The Oldest Lancashire Ghost Story
22nd April 2021
The Record Society’s inaugural Colin Philips Memorial Lecture was given by Prof Paul Booth on 7 April when he explored The Oldest Lancashire Ghost Story. Based on a fascinating tale taken from a fourteenth century commonplace book, Paul Booth examined the details, the structure and the purpose of the story.
Dr Booth has published an English translation of the original Latin text, which is available here.
The story was written by a preacher, probably a friar, to be told to a congregation, almost certainly in Winwick church in the 1370s. An unmarried couple have sons before the man (a ploughman by occupation) marries someone else. The woman dies and one dark night, as the man is walking home, her ghost accosts him. As Prof Booth pointed out, darkness would have been very real at the time. The woman’s spirit invites her former lover to pull a tangle of her hair, which is thick and black (although it was gold-coloured in life). Once he has done this, she tells him that to release her from great suffering, he must arrange for as many masses to be said as there are strands of hair in his fist. The man shoves the hair into a hole in a doorpost, promptly sells half his worldy goods, and travels widely finding suitable priests, whom he pays to recite mass. Each time he is successful, a black hair in the bundle turns golden, and on a prearranged date, the man meets with the woman’s ghost again, to discover that his efforts have been successful, her hair is golden-coloured again and she is saved from the horrors she was enduring.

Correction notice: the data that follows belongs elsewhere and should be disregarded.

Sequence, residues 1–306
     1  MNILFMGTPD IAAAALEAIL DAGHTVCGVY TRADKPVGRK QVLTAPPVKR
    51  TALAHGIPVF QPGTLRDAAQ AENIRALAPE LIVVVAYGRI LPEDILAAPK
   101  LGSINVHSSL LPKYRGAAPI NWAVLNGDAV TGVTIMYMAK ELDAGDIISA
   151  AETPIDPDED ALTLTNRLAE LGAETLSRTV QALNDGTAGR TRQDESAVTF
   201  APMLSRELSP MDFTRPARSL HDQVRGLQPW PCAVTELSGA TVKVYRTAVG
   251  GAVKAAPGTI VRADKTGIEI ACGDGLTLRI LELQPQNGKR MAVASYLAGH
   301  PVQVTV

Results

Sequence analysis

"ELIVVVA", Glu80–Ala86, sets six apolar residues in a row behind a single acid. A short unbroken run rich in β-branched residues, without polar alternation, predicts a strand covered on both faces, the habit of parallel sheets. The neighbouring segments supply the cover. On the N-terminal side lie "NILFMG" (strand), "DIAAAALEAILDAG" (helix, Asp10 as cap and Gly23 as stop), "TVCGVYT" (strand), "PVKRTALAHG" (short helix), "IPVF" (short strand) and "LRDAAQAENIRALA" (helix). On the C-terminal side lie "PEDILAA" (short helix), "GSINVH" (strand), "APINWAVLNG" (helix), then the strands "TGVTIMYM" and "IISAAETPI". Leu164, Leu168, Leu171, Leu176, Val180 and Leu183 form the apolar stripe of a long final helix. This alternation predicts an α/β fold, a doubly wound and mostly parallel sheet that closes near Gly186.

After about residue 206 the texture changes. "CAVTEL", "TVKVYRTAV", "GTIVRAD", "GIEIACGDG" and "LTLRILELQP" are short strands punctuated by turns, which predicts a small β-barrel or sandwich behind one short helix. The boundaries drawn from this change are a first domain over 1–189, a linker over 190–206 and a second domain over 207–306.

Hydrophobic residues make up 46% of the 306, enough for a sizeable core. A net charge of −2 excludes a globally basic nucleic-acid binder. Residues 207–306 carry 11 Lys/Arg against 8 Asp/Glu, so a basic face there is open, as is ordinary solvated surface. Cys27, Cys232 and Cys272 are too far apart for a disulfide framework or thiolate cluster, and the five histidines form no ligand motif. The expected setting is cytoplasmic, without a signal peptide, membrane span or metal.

Prof Booth invited the audience to consider what the point of the story was. Would the congregation have believed literally in ghosts, why did the man have to travel so far to find “worthy” priests, and where was the woman coming from and going to? Perhaps the efforts were to ensure the priests were reliable and would actually deliver on their promises. The woman was perhaps stuck in purgatory and the events of the ghost story removed her to heaven.
But most of all, asked Paul Booth, would the friar have achieved his ends. Would the congregation have stuck any more firmly to what the church expected of them, would they have given more money for more masses? The people of the past, said Prof Booth, were “just like us, only in different circumstances”.